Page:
Only eleven companies in the world still import West Saharan phosphate. Balance is one. Ravensdown, another New Zealand fertilizer company, is another. Two of the biggest fertilizer companies in the world – Yara International and Mosaic – have ceased trading in Saharan phosphate because of human rights concerns, and seem perfectly capable of maintaining successful fertilizer businesses that dwarf the entire New Zealand industry without depending on it.

    While Morocco claims that the millions of dollars that Balance and Ravensdown pay it for the phosphate ultimately benefit local Sahrawi, the Harvard International Review has this to say in response: “Companies may not solely rely on Morocco’s claims… to ensure that the local population benefits from revenues they provide to the Moroccan government. Such an arrangement lacks the transparency and accountability... Morocco retains full control and discretion over revenues generated from Western Sahara resources, and there is no way of monitoring or verifying its claims of revenue and expenditures, or holding Morocco accountable for failure to match expenditure with revenue.”

    Visitors to the occupied territory are constantly monitored and accompanied by Moroccan authorities, as befits a police state. The idea that any government-organized tour of the territory will provide a reliable impression of the opinions of the Sahrawi regarding their occupiers is laughable, as is the idea that the trade in Saharan phosphate is legal because it happens with the consent of the Sahrawi people.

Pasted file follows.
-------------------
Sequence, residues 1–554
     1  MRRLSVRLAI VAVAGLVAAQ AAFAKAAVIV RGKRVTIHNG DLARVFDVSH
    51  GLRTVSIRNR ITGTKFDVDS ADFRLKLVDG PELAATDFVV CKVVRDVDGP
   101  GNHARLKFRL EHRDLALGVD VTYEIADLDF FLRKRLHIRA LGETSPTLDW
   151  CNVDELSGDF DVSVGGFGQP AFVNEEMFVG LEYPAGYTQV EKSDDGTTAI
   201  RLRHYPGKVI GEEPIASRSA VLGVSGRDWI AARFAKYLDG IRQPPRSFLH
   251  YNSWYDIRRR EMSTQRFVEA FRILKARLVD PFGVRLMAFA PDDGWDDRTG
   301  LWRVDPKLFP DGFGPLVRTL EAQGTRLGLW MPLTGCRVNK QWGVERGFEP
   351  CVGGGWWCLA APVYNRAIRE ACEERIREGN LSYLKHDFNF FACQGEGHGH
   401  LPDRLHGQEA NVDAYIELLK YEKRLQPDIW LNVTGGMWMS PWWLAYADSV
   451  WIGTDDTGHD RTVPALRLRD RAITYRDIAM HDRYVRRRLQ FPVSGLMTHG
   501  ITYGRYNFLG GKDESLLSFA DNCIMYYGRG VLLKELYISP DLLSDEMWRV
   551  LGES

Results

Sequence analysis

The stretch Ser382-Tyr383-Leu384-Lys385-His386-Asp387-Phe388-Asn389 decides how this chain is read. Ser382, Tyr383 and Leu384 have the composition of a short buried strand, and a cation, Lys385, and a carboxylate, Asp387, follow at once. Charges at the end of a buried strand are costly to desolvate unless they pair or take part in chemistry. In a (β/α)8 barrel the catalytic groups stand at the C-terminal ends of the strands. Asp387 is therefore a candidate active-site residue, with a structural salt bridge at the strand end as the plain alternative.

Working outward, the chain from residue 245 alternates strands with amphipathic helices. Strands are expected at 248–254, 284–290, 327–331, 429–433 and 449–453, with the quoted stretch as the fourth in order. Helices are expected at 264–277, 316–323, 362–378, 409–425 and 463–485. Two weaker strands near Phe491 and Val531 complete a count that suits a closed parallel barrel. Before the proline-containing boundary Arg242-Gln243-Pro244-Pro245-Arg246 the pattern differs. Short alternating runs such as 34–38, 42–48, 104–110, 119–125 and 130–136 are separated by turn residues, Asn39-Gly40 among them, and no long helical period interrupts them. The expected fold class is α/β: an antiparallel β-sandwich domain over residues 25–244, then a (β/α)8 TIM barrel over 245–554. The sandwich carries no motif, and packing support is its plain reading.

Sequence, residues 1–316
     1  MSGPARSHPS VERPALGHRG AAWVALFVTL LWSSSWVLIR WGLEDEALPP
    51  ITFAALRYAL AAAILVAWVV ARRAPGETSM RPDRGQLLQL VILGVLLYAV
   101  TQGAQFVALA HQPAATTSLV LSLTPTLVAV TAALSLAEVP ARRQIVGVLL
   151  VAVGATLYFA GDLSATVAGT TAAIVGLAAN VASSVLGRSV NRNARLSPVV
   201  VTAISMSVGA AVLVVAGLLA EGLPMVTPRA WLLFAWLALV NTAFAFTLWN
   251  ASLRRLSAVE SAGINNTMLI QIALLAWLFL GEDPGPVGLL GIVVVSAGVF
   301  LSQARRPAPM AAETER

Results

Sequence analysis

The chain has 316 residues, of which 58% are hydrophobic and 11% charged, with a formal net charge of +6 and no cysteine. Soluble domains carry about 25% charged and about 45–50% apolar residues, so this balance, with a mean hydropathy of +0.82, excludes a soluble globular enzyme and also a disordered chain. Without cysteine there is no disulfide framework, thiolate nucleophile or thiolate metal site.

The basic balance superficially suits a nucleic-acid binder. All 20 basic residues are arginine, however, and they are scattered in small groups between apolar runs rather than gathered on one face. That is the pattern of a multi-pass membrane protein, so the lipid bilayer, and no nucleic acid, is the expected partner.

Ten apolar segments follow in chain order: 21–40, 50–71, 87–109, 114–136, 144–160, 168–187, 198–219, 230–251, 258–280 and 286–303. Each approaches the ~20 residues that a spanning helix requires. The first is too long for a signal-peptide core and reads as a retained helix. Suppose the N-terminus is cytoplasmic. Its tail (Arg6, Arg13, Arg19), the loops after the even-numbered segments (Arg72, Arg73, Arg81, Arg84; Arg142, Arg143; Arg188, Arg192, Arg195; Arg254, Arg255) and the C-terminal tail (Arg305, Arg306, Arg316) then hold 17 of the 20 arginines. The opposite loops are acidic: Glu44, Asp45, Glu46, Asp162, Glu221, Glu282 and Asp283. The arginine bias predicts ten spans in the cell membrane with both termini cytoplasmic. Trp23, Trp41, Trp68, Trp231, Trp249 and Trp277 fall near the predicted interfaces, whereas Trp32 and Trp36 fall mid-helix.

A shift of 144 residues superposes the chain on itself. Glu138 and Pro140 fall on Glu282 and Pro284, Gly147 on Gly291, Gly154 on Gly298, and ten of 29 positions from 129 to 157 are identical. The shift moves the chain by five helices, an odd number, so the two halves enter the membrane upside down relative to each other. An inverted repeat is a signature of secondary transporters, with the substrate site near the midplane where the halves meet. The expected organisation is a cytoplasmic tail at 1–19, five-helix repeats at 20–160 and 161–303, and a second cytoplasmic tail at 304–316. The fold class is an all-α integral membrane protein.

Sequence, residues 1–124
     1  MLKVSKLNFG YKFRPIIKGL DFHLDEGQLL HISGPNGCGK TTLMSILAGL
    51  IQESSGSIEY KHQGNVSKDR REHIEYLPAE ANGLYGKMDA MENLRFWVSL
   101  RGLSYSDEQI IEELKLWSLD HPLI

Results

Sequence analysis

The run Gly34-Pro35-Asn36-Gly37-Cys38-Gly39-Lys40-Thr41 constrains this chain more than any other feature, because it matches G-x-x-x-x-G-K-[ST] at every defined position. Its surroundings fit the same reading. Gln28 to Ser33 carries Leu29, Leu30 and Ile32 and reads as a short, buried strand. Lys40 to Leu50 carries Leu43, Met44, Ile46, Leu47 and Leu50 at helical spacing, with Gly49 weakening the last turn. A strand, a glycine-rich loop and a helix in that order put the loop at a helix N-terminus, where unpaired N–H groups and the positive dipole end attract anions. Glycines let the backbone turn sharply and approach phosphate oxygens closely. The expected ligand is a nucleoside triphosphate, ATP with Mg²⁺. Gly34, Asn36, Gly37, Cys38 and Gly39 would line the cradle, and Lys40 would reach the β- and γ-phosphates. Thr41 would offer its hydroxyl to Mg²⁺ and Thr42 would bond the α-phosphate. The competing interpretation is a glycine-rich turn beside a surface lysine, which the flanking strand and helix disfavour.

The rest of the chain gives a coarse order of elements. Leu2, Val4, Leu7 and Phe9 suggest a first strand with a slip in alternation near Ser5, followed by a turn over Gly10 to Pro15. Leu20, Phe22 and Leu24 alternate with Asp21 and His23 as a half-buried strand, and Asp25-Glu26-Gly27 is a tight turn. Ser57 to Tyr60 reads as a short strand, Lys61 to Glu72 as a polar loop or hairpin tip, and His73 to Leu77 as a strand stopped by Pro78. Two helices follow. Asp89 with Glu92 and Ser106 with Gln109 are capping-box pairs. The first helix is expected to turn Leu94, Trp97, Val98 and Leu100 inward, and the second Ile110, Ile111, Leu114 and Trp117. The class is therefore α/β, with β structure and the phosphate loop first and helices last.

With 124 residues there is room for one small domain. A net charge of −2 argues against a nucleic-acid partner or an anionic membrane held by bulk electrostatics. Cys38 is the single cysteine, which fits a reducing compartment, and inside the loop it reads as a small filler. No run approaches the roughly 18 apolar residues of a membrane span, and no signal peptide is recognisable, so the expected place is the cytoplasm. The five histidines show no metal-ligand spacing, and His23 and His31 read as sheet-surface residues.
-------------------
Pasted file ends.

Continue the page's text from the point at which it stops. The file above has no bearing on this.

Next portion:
Lest there be any doubt, a legal opinion issued by the African Union in 2015 spells the matter out plainly: “any exploration and exploitation of natural resources by Morocco, any other State, group of States, or foreign companies engaged by Morocco in Western Sahara is illegal since they violate international law and resolutions of the UN and the AU.”

    Tens of thousands of Sahrawi people live as refugees in the Algerian part of the Sahara desert, in some of the most inhospitable conditions on earth. The camps have existed for forty years. They will continue to exist until a referendum on the territory’s future is held and the situation resolved. The possibility of reaching such a resolution is actively and substantially undermined by any company that provides Morocco with a financial incentive – to the tune of hundreds of millions of dollars a year – to do everything it can to retain control of a territory that does not belong to it.